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Does SL do a lot of hand holding by giving the parent summaries and answers to questions for discussions and worksheets for history cores? I am hoping to find something that may save me some reading;)Are there worksheets for each book, map work, and timelines?

 

 

Thanks for any info:)

 

Well, what SL DOES include from your list is suggested discussion questions for the read alouds and the readers. Some 'find on the map' type geography activities for all of the books where geography is specifically noted. Timeline figures and prompts of when to put them in are included in the IG. There aren't worksheets though. If you buy the LA (I don't) then there are activities correlated to the readers that could count as worksheets I suppose.

 

I think it does do a lot of hand holding :). That is why I like it! I love that everything is pre-selected and already scheduled out.

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I’d like to share a little bit of our experience. I also tried SL early on with my children, and for one reason or another... it just didn’t seem to suit us. I did enjoy the time spent cuddling, the books, and having a schedule nicely laid out for us. But we couldn’t actually follow the schedule- so I would tweak it, and then ultimately toss it aside, always wondering why I kept buying the IG in the first place. After all, we could cuddle and read books without a SL IG, right? And so we did.

 

Then a couple of years ago, for no apparent reason other than pure restlessness and boredom, I decided to try SL once again. Well, since then, we have enjoyed it to no end. I only regret that I didn’t have more time to spend using it. But alas, I did not make full use of the schedule. :lol: I thoroughly loved, however, adding to it, using an alternate spine, and even finding lower level books for my son to read in the beginning.

 

I had planned to only use bits and pieces of SL 5 next year, and potentially only using half of it at that.. as a world geography study addition. Now I think we are putting SL on hold for a year so that I can fully use the SL Eastern Hemisphere core with all of my older children together (minus the religious focus-LOL). This decision came after buying the IG and being impressed with it. Goodness, we may even use the Eastern Hemisphere Explorer that year. Why not? I think it looks great for the most part; although I would like to add art study and projects.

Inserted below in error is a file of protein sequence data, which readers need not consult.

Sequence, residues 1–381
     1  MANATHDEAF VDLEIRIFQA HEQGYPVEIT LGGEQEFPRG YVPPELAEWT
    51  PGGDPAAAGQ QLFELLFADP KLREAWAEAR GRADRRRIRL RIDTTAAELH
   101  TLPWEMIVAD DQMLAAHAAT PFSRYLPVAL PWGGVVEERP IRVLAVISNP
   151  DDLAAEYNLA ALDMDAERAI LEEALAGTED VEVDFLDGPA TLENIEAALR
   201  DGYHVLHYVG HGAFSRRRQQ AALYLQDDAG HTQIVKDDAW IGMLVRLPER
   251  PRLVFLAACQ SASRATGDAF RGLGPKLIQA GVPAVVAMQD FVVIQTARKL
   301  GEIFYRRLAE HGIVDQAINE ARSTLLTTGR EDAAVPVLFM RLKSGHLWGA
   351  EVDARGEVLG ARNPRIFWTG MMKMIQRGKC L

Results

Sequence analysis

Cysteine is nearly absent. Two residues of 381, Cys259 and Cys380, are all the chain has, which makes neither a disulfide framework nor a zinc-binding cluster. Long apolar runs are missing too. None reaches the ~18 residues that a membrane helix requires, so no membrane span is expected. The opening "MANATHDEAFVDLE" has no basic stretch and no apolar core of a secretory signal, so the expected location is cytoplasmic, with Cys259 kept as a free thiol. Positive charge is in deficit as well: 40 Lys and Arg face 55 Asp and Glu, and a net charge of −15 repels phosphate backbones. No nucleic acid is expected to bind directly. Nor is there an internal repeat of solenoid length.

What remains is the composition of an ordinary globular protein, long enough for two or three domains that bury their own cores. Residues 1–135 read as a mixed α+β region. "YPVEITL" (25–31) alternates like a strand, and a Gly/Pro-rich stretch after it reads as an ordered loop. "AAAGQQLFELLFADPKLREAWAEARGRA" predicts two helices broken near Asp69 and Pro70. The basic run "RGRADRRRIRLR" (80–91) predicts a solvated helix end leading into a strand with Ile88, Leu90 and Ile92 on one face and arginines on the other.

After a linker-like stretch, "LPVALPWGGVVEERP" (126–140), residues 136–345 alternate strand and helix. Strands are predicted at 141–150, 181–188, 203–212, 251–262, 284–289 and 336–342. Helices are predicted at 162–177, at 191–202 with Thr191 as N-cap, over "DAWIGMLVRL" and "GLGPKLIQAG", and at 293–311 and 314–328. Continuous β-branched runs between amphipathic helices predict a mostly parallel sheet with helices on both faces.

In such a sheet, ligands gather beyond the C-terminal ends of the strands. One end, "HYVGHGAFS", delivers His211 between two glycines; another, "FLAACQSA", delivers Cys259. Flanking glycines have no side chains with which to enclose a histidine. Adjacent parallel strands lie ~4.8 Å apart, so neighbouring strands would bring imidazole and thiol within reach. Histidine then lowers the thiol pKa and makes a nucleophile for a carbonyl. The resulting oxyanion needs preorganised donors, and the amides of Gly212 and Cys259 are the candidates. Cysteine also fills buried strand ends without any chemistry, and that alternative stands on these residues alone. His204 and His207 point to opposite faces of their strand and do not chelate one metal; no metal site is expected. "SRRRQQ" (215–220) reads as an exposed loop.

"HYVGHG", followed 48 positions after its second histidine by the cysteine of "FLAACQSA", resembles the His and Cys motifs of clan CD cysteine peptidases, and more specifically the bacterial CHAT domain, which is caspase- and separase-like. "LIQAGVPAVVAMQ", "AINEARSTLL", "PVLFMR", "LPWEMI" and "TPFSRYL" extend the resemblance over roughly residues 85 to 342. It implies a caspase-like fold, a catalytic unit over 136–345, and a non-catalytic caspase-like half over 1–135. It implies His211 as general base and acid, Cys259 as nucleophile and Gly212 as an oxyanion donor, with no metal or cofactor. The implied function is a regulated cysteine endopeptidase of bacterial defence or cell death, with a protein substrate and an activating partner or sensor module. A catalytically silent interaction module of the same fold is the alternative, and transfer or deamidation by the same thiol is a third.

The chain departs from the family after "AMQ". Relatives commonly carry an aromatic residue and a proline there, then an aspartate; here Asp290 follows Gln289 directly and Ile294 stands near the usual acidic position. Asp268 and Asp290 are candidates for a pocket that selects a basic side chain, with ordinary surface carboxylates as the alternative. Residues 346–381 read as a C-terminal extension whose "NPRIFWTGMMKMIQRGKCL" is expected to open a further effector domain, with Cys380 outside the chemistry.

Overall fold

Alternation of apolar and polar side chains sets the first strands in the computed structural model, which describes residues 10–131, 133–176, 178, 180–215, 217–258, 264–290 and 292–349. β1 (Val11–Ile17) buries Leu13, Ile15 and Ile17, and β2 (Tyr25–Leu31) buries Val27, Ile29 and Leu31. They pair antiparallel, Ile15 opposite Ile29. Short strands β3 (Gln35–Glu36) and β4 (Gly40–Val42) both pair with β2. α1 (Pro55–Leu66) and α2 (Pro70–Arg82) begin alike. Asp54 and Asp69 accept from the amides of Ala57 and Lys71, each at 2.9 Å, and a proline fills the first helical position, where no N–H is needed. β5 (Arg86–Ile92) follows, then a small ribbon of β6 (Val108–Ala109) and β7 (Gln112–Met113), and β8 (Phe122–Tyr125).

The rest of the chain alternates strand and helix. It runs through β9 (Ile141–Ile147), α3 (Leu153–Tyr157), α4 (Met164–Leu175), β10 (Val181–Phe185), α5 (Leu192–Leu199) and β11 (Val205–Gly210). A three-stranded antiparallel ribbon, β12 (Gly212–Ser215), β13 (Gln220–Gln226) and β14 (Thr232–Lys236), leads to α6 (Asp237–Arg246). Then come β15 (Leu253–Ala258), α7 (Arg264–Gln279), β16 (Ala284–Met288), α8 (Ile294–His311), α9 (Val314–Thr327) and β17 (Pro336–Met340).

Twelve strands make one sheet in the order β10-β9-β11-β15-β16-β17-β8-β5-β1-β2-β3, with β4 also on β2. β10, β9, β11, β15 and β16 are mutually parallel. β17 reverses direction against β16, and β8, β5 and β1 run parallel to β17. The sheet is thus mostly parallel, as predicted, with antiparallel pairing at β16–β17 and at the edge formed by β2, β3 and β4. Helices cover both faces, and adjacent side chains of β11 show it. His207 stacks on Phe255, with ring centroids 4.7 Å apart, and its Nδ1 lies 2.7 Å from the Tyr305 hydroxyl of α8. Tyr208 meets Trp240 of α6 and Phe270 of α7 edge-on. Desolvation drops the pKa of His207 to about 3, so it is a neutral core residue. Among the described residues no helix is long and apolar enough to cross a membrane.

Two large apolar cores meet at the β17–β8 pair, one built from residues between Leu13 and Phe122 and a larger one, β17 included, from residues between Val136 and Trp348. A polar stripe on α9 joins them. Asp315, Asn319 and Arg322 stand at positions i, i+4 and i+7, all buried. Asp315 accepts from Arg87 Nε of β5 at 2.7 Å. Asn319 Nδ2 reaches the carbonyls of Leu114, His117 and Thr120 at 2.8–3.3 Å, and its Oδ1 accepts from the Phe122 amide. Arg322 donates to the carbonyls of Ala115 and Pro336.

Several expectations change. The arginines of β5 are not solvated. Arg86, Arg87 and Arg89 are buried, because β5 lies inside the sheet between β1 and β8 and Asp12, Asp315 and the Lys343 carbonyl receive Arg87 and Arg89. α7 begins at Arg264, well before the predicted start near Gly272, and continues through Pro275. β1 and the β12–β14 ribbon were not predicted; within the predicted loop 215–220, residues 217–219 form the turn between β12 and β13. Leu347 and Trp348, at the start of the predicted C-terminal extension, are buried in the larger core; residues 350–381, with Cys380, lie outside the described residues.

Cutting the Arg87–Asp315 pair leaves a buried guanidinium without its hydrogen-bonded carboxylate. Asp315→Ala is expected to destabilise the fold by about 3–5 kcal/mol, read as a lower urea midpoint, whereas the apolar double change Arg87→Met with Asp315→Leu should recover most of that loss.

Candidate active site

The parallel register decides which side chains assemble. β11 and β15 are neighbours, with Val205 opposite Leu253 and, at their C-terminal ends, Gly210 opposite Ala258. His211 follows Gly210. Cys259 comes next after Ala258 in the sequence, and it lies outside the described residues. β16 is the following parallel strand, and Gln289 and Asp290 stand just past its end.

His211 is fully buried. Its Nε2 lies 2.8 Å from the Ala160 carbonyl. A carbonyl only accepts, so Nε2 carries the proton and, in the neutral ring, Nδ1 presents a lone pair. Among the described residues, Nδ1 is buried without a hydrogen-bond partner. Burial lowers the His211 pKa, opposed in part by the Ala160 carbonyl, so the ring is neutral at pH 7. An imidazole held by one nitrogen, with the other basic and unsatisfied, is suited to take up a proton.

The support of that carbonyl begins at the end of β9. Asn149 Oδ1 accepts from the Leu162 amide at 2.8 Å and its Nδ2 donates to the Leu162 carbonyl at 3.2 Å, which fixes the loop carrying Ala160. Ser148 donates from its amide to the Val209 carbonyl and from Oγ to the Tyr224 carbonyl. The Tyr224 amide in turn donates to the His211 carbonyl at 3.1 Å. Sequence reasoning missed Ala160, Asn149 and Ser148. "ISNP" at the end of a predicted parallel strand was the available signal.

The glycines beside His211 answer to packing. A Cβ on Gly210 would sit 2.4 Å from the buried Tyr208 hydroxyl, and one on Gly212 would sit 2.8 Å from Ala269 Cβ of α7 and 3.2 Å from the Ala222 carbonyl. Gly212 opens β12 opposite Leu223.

For reasons I’d rather not go into right now, we are using something else next year (the moment’s plan-writing my own hybrid:tongue_smilie:). So one of these years, you just might find SL to be the perfect fit. Don’t discount it completely.

 

But then I was never one to worry about the four year rotation. Thankfully, I discovered CM early on and it’s been a very liberating experience. I will also be eternally grateful for the WTM. It gave me confidence, filled in modern details, and put the big picture in perspective for me. But I digress.

 

Now the science- that's completely different. Somehow we were able to do more of the SL science as it was laid out...but we still didn't get through an entire IG. Silly rabbit trails had us running in circles...;)

 

Enjoy your planning. Whatever you do, try to relax and have fun. This is something I try and remind myself of everyday. :D

Edited by lovemykids
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Love this idea! I'd order it!:001_smile:

:iagree: I have SL envy once it awhile, too. We used Core K, heavily modified Core 1 and almost did Core 2. I just love the books and the idea that I can place an order, have it shipped to me and it's all ready to go. Reality is, that SL doesn't contain what I want, so I will just tweak it beyond recognition and then there's no real point in having ordered SL. I wish there was a classical version of SL that follows the WTM cycles, adds in primary sources for the logic level and discusses great books for the high school level and didn't cost an arm and a leg. One of these days I'm going to see that someone does this or do it myself :).